The Care Act 2014 came into force in April 2015. This act means that local councils and NHS bodies need to consider the wellbeing of carers. They have to provide information and advice to carers, assess the needs of carers and meet any needs where these are considered eligible for support.
The Children and Families Act 2014 supports the rights of young carers and parent carers to receive a Carers Assessment, where it appears there is an assessment needed.
A local authority can carry out an assessment to see how the role of caring impacts your life, to see if there is the support that would help enable you to continue your caring role. The support received will depend on the type of caring role you provide and the eligible needs you are assessed as having. Some support services may be charged for depending on your and the cared-for person’s financial circumstances.
In Scotland, the Carers (Scotland) Act 2016 came into effect in 2018. Assessments for carers will focus on the impact their role has on them, rather than the number of hours they are providing care for. They will be known as Adult Carer Support Plans or Young Carer Statements for carers under the age of 18 years
In Wales, the Social Services and Well-being (Wales) Act 2014 came into force in 2016. A carer is defined as someone who provides or intends to provide care for an adult or disabled child. Assessments can be requested by carers and should be offered to carers by their local authority if it appears that the carer has support needs. As with assessments in other areas of the UK, the assessment should focus on the well-being of the carer.
In Northern Ireland, carers assessments are usually offered to those who are over the age of 16 and are providing a significant amount of regular care.
Requesting a carers assessment
Usually, carers assessments are requested by adults who are caring for another adult who is elderly or has a disability. Your local adult social services would undertake the assessment.
Young carers should not have to formally request an assessment. The local authority should consider the needs of young carers when assessing the needs of the cared-for person. If the local authority is not aware of a young carer, because the person they are caring for has not had an assessment of needs, then an assessment should be requested. A young carer who is approaching the age of 18 may also be able to access a carers assessment if they are likely to have needs as an adult carer.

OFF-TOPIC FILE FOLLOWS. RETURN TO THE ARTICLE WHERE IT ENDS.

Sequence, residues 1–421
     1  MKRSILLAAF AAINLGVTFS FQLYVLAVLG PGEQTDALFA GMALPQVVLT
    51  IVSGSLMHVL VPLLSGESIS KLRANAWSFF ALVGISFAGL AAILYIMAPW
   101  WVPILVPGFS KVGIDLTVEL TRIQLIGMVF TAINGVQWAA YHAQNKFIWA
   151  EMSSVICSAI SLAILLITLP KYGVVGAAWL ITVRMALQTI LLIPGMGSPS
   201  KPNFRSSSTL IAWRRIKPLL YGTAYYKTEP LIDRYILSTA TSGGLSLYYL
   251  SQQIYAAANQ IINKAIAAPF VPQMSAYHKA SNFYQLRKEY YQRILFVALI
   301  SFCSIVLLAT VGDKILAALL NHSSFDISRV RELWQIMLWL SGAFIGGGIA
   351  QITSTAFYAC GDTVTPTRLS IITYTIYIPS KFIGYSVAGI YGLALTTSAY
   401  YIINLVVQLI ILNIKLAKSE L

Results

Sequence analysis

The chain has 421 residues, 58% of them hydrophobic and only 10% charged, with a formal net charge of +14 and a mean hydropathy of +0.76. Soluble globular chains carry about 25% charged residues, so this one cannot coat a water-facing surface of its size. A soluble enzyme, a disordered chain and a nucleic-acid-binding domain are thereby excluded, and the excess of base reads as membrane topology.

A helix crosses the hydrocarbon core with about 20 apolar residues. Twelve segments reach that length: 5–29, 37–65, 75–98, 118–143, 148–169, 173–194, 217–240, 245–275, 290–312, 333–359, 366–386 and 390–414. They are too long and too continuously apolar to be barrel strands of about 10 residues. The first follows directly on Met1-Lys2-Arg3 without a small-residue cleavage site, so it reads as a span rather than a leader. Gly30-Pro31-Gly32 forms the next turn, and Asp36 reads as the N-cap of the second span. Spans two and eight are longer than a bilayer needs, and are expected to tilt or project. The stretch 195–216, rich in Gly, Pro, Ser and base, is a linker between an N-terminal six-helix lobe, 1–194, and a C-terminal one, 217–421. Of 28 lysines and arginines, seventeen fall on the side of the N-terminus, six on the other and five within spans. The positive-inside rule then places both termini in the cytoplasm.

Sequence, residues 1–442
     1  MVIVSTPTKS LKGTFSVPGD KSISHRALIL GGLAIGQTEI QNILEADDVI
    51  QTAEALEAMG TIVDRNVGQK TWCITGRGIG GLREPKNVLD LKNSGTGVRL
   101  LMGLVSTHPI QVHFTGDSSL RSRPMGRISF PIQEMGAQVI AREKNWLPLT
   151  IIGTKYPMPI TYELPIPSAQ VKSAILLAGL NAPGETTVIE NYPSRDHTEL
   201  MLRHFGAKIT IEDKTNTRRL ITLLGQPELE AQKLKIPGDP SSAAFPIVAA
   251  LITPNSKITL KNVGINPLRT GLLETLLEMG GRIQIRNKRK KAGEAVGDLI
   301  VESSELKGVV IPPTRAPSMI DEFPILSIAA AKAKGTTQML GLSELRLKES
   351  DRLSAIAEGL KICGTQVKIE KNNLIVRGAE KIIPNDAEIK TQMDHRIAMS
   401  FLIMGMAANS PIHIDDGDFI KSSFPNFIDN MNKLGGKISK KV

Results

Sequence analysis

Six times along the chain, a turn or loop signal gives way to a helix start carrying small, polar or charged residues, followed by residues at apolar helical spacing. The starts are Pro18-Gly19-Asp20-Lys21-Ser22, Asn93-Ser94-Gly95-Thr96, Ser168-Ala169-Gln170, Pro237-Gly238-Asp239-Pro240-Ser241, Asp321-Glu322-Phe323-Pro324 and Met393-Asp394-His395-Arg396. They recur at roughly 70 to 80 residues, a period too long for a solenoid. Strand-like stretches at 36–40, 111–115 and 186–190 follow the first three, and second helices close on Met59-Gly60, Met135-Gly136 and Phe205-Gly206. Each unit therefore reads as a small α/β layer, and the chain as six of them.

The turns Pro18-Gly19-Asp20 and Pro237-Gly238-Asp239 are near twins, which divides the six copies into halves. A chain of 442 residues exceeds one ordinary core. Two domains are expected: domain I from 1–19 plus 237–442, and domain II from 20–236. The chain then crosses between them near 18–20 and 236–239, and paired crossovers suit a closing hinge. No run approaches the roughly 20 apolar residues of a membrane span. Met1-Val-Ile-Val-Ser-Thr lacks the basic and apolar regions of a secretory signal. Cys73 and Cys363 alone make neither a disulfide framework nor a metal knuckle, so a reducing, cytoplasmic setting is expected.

Parents with parental responsibility for disabled children may be otherwise known as parent carer. A carer's assessment for parent carers can either be requested by the parent carer separately from the child’s assessment or may be included in the child’s assessment of need. Local Authorities have a duty under the Children and Families Act to provide an assessment when one is requested by a parent carer or when they are aware that the parent has needs.
Carers UK has a factsheet about Carers Assessments, which can be downloaded from their website. Alternatively, they can be contacted on their helpline on Mondays and Tuesdays, from 10am-4pm on 0808 808 7777.
Under the Employment Rights Act 1996, anyone has the right to apply for flexible working after a 26 week employment period. An application can only be made once every twelve months.
Employers must consider any requests for flexible working, but they do not have to agree on them if there is a good business reason why an agreement cannot be reached. Employers should have a policy regarding flexible working which will set out how they can apply and appeal any decision made.
The right to time off for emergencies
Every working person is entitled to take ‘reasonable time off' to deal with any emergency involving a dependent, a close family member you live with, or someone else who relies on your help in an emergency. Time is usually unpaid unless otherwise agreed with your employer.
Situations, where leave might be taken, include:
A disruption or breakdown in care arrangements
If there has been a death, illness or accident involving the person who depends on you.
To make arrangements of care, but not to provide long term care yourself
An incident involving a child during school hours.
The right to parental leave
If you have worked for your employer for twelve months and have parental responsibility for a child under the age of 18, you are entitled to 18 weeks leave per child.
Most employers will have their own policy set up for employees wishing to take parental leave, and the time taken will be unpaid unless otherwise agreed with your employer.
Protection against discrimination
The Equality Act 2010 protects carers from discrimination or harassment in England and Wales in respect of their caring duties.
In Northern Ireland carers are protected by the Human Rights Act and the Northern Ireland Act. Public bodies are to promote equal opportunities for carers.
Bereavement of a child under 18 years of age
The Parental Bereavement Leave and Pay Regulations also known as Jack’s Law was set to be implemented in April 2020. Parents who lose a child under 18 years of age will be able granted two weeks of paid leave from their work. The leave can be taken in one block or a block of two weeks during the first year after losing their child.
Parents that have worked a continuous period of 26 weeks with their current employer and earn less than £118 per week may also be entitled to Statutory Parental Bereavement Pay.
Useful websites and further reading
Factsheet 8, The Care Bill – The law for carers - Department for Health and Social Care (2013)
For more information, please contact the MPS Advocacy Team by email at firstname.lastname@example.org
or by phone on 0345 389 9901.
Read and download our factsheet on Carers Legal Rights below: